Association for Behavior Analysis International

The Association for Behavior Analysis International® (ABAI) is a nonprofit membership organization with the mission to contribute to the well-being of society by developing, enhancing, and supporting the growth and vitality of the science of behavior analysis through research, education, and practice.


40th Annual Convention; Chicago, IL; 2014

Event Details

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Symposium #264
CE Offered: BACB
Applications of ABA for Decreasing Problem Behavior of Students in the Classroom
Sunday, May 25, 2014
4:00 PM–4:50 PM
W194b (McCormick Place Convention Center)
Area: EDC; Domain: Applied Research
Chair: Sindy Sanchez (University of South Florida )
CE Instructor: Jackie Lansdale, M.A.
Abstract: The presenters in this symposium will describe a variety of interventions utilizing behavior principles to decrease problem behaviors of students in the school setting and increase appropriate behaviors in the classrooms. The first presentation will describe a study using the Tier 2 Check-In/Check-out intervention incorporating peer tutors as the intervention coordinators, therefore minimizing the involvement by school staff. The second study took place in a school implementing the Positive Behavior Support framework and evaluated the use of response cards (white boards) in an Elementary School classroom to decrease problem behavior and increase active student responding as well as accuracy of responding. The last presentation will describe a comparison study of NCR versus DRO and discuss which procedure was most effective in reducing disruptive behavior of school aged children and which procedure was most preferred by teachers. Teacher preference was assessed via questionnaires and a choice condition in which they picked which procedure to implement.
Evaluating Check-In Check-Out with Peer Tutors
SINDY SANCHEZ (University of South Florida ), Raymond G. Miltenberger (University of South Florida)
Abstract: This study evaluated the use of peer tutors to implement an intervention known as Check-In Check-Out (CICO) to increase desirable classroom behavior of three elementary students (tutees). Peer tutors performed the morning check-in with the tutees where they gave the tutees a Daily Progress Report (DPR) form discussed the expectations for the day. At the end of each class period, the peer tutors and tutees briefly met with the classroom teacher who provided the tutees with feedback and scored the DPR form based on a 0-2 scale if they met the expectations for that class period. The teacher did this following each class period. At the end of the day the tutees checked-out with the peer tutors and received a reward if they met their daily points' goal. Following baseline, all three tutees increased the daily points earned with the implementation of the CICO procedure in a multiple baseline across participants design.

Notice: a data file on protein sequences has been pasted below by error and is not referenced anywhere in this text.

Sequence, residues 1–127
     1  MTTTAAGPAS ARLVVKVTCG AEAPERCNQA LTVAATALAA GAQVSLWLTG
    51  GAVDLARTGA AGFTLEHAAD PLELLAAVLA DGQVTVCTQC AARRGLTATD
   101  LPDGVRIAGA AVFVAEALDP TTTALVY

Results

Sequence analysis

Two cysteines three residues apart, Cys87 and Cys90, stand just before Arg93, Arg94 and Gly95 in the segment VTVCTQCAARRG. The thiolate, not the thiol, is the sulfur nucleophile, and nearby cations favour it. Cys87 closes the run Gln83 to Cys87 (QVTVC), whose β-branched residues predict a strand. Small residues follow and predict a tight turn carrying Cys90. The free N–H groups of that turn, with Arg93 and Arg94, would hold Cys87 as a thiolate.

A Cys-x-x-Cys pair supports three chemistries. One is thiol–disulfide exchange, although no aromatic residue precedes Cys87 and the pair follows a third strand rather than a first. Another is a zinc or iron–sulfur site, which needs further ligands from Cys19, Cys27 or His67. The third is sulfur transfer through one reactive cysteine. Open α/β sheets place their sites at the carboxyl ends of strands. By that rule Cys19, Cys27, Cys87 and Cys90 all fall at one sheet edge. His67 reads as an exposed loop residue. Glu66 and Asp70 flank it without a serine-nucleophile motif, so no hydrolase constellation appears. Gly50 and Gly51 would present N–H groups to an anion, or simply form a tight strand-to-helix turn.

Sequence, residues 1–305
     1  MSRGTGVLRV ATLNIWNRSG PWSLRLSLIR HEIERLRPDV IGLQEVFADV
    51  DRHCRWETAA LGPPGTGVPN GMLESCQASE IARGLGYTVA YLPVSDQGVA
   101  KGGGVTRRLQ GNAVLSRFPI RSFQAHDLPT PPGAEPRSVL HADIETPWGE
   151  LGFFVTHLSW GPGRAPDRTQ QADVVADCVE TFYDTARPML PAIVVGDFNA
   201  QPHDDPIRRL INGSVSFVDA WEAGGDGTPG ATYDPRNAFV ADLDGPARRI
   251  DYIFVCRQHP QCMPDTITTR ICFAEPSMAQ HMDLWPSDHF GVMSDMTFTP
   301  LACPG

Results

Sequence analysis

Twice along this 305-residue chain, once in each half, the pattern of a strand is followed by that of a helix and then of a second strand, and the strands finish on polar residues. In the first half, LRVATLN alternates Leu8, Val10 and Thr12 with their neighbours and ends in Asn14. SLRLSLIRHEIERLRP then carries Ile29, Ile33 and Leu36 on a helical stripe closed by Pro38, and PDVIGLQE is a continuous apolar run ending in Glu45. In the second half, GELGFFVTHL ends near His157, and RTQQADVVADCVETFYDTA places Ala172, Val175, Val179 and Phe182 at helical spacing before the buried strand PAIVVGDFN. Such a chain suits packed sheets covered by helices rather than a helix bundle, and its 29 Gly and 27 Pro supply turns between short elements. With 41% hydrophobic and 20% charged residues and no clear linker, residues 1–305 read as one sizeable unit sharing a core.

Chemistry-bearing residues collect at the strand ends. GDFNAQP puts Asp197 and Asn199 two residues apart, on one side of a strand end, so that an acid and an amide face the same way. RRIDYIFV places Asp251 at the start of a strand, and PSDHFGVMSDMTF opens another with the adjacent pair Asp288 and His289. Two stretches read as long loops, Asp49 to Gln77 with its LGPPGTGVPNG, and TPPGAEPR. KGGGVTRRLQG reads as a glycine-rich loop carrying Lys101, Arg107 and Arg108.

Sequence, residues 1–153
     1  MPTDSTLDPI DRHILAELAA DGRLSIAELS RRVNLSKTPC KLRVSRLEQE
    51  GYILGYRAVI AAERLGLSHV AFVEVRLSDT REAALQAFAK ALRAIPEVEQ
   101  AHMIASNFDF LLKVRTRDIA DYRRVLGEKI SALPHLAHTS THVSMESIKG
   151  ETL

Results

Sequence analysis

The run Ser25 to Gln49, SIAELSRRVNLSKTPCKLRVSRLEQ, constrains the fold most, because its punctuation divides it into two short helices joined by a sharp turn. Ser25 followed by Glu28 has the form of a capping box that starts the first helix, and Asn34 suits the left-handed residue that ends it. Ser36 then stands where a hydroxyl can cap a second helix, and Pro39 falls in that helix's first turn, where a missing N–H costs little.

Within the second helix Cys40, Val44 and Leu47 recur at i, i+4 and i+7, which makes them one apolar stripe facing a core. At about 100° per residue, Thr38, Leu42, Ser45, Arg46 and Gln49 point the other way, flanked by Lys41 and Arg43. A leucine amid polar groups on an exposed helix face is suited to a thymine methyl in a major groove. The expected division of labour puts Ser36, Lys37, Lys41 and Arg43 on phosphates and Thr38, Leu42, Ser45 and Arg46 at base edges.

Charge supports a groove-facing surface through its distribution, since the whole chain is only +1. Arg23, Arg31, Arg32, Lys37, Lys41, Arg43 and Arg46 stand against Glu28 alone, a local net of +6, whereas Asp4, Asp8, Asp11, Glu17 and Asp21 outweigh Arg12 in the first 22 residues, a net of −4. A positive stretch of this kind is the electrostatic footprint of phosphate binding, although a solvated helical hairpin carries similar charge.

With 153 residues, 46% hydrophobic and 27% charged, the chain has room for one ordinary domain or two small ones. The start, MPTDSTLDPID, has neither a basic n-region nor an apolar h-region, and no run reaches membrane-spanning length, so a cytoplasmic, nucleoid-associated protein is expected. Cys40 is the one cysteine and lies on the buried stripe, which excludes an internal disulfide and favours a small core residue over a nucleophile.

Effects of Response Cards on the Disruptive Behavior of Students
LESLIE SINGER (University of South Florida), Kimberly Crosland (University of South Florida)
Abstract: This study examined the effects of response cards (RC) in the form of white boards on the disruptive behavior and academic responding of students during whole-class guided-reading instruction in a first-grade classroom. The authors combined two baseline conditions with an alternating treatments design and then replicated the effects across four teacher-nominated students. The first baseline condition was the teacher’s typical instruction format, where one student who raised his/her hand was called upon to respond to the teacher’s question. The second baseline condition (BL’) was the same with an additional control for the number of teacher-delivered questions to the class per session. The RC condition was the same as BL’ except students were expected to write their answers on the laminated card and then display upon the teacher’s cue. RC and BL’ were alternated and results revealed that RC implemented by a classroom teacher did reduce students’ disruptive behaviors and increased their academic responding during class.

NCR Versus DRO: Evaluation of Effectiveness and Teacher Preference

Jackie Lansdale (Positive Behavior Supports Corp.), Kimberly Crosland (University of South Florida), LESLIE SINGER (University of South Florida)

Previous research has demonstrated that non-contingent reinforcement (NCR) and differential reinforcement of other behaviors (DRO) are effective in reducing problem behavior of children both in and out of the classroom. However, few studies have assessed which procedure is most socially acceptable among teachers. In addition, studies have not recorded data on fidelity of implementation among teachers. A non-concurrent multiple baseline across teachers design was used to (a) demonstrate the effect of NCR and DRO on the problem behaviors of school aged children with no identified developmental disability, and (b) assess implementation fidelity of each procedure by the teacher. This study further assessed which procedure was preferred by teachers by the addition of questionnaires and a choice phase in which teachers ultimately chose which procedure to implement. Results showed that both procedures significantly reduced problem behavior across all participants, with the DRO procedure having the greatest effect. The procedure that was preferred most by teachers varied across participants.




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